Shavua tov, everyone,

This week we read Vayetze; the words “and he left” referencing Jacob leaving his family home, encouraged, if not advised by both his parents, Rivka and Isaac, to leave their family home. His brother Esau is furious with Jacob for “stealing” the blessing and birthright that he thought, as the eldest twin, was his to have. It was time for Jacob to leave.

Jacob had cooperated with his mother’s disguise of himself, pretending to be Esau and Isaac thus granted him the birthright, even though Isaac said, the voice is that of  Jacob. Deceit and deception will follow Jacob in Vayetze, as he meets, and immediately falls in love with Rachel. He asks Lavan, Rachel’s father for Rachel’s hand, but Lavan has other ideas. He substitutes Leah for Rachel under the wedding canopy, later justifying his actions that the older sister must be married before the younger. Siblings, their rivalry, and deception make for a very engaging read this week! But Vayetze takes us much deeper, into the very realm of our souls.

We learn from our tradition that every journey in the realm of external space has a corresponding inner journey. The landscape of our experience in the world is mirrored in the landscape of our souls. So it was for our ancestor Jacob when he set out from Be’er Sheva to go to the land of Charan, the place of his ancestors.

At the outset of Vayetze, the sun is setting, and Jacob seeks a resting place upon the hard ground, placing stones around his head. He is on Mount Moriah, the site of the Akedah, the binding of Isaac, his father. We can only imagine the swirling of emotions within Jacob as he lay on the ground. Physically he is on his way to Charan. But Jacob’s inner journey is to find reconciliation, wholeness, sh’laymut.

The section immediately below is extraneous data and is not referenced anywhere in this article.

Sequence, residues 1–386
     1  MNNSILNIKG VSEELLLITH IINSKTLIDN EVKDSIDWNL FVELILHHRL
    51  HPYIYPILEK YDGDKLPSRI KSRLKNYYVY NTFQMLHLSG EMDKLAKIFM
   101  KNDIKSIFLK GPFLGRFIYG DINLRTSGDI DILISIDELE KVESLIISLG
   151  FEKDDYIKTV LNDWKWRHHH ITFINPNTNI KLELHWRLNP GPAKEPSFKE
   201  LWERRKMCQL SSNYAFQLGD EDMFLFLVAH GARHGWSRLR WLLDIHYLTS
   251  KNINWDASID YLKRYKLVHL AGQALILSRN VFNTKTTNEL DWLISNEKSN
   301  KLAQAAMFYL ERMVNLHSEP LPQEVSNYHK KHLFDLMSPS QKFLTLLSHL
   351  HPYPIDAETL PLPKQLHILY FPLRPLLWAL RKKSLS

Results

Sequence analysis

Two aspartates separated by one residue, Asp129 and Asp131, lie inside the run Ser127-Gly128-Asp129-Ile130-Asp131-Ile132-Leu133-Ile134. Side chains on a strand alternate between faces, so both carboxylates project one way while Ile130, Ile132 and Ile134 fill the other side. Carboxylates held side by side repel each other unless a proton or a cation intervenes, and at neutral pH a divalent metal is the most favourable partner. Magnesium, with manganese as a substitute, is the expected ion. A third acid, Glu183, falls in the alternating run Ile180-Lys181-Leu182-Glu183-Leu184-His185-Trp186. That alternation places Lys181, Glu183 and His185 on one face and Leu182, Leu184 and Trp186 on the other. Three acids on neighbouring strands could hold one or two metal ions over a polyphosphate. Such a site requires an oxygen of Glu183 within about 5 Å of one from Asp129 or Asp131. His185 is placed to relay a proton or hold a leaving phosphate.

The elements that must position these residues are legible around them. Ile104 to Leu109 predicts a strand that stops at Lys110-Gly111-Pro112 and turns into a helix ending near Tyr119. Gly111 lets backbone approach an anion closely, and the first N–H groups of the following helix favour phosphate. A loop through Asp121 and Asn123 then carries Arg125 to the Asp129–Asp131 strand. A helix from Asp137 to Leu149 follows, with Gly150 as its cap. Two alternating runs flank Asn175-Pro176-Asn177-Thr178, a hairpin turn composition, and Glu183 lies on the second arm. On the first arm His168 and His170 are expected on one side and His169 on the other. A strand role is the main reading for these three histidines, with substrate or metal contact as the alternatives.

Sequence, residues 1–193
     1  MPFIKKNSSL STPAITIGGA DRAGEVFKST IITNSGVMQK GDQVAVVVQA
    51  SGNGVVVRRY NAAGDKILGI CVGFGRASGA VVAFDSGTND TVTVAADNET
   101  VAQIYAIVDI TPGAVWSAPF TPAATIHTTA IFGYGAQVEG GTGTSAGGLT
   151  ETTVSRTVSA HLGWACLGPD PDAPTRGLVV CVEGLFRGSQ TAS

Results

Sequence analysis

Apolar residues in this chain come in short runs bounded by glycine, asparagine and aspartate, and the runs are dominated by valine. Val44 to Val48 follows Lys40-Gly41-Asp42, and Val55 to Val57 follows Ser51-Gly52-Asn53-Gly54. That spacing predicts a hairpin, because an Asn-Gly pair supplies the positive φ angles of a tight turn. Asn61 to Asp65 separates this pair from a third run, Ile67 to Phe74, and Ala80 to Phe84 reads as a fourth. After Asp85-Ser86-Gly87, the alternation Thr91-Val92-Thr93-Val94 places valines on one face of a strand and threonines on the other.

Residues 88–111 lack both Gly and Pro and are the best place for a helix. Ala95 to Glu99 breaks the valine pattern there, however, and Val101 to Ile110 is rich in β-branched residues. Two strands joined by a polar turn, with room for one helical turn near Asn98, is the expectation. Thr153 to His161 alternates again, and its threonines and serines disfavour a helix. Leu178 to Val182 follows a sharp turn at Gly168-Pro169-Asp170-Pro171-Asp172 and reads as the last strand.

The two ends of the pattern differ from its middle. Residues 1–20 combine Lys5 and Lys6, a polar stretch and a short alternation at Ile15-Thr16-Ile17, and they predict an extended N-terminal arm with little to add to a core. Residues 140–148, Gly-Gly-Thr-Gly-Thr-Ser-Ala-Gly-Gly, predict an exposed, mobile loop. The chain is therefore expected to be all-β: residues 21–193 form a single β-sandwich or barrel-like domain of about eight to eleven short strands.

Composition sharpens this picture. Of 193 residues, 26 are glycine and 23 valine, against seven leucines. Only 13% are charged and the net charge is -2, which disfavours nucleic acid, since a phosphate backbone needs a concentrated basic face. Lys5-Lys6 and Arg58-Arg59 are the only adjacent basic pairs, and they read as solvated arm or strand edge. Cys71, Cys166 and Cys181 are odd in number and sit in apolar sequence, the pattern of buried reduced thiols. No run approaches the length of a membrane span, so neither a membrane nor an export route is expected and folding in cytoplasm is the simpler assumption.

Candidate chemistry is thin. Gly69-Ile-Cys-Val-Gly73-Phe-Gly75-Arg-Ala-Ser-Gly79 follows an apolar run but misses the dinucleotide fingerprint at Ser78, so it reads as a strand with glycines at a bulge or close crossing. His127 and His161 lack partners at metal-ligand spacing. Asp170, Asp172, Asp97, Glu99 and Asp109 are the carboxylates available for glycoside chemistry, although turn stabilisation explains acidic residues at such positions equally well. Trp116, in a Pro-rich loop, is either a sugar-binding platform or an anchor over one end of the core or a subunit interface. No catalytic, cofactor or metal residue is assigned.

When Jacob comes to this place, Torah says, vayifga bamakomhe encountered the place. The word makom, a word of layered meaning, and it appears in some form eleven times in the parasha. Makom means place and it is also one of our names for God, reflecting an omnipresence, a Place in the world. Jacob encounters his place of struggle, along the road and within himself. Jacob struggles to reconcile his separation from his family – perhaps from himself. This is to be the nature of Jacob’s life, our ancestor and namesake Israel, and so for ourselves. Yet it is within our struggles we find our pathway to our own wholeness.

On Sunday, I taught about creating an ethical will, a practice that we can take back to the time of Jacob – albeit on his deathbed. Jacob greets each of his sons, and leaves them with a message. We too can take up this practice.

Vayifga bamakom, encountering those places within – and sometimes without, the places and persons that have helped us along our pathways, help us become who we are today. Jacob’s mother asked “Why am I?” Jacob, and we in our turn, attempt to answer that question by asking ourselves how do we encounter the Place. What imprint do we want to leave after our death? Rashi teaches that when a righteous person leaves a place, the “imprint” of their being remains. In absence there is presence.

Kol tuv, dear friends.

Rabbi Lynn